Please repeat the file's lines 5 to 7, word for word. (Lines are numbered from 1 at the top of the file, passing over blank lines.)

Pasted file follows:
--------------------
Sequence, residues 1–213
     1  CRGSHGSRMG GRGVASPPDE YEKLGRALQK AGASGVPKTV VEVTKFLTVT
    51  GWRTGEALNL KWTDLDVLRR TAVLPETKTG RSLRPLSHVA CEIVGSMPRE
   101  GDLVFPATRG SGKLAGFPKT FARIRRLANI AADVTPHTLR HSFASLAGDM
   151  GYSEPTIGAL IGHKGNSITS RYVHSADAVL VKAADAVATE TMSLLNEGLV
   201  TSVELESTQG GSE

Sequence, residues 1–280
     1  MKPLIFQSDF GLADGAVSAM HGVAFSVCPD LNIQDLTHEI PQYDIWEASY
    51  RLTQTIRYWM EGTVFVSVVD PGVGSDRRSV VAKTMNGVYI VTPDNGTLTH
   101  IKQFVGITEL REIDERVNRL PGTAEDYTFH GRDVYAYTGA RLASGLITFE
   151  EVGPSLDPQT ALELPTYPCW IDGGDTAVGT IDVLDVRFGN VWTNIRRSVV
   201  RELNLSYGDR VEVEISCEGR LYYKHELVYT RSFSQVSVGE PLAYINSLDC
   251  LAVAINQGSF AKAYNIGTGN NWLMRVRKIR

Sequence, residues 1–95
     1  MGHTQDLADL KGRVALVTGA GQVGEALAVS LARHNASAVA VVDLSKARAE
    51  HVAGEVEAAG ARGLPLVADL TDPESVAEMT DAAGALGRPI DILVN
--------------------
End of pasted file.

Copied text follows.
   151  GYSEPTIGAL IGHKGNSITS RYVHSADAVL VKAADAVATE TMSLLNEGLV
   201  TSVELESTQG GSE

Sequence, residues 1–280